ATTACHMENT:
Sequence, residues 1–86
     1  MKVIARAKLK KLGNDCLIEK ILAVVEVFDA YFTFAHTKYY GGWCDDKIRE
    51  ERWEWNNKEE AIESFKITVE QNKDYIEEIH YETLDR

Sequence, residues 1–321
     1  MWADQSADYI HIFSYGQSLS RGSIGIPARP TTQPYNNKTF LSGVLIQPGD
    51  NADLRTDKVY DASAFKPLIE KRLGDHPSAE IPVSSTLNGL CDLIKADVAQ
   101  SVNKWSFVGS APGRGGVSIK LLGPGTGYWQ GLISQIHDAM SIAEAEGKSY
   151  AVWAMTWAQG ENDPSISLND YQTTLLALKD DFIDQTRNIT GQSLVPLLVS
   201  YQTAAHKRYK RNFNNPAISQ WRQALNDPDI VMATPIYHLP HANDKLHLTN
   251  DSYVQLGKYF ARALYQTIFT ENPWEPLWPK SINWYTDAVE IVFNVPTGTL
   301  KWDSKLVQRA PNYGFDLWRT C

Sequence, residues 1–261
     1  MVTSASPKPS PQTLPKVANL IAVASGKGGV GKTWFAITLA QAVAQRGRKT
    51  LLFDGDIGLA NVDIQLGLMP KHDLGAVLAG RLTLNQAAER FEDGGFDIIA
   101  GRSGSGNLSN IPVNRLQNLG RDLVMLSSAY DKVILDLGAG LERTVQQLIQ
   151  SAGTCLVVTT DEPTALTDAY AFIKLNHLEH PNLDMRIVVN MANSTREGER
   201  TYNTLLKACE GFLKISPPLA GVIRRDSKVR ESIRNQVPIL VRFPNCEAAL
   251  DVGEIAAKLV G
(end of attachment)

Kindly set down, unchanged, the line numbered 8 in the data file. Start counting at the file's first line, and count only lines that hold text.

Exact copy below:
   151  AVWAMTWAQG ENDPSISLND YQTTLLALKD DFIDQTRNIT GQSLVPLLVS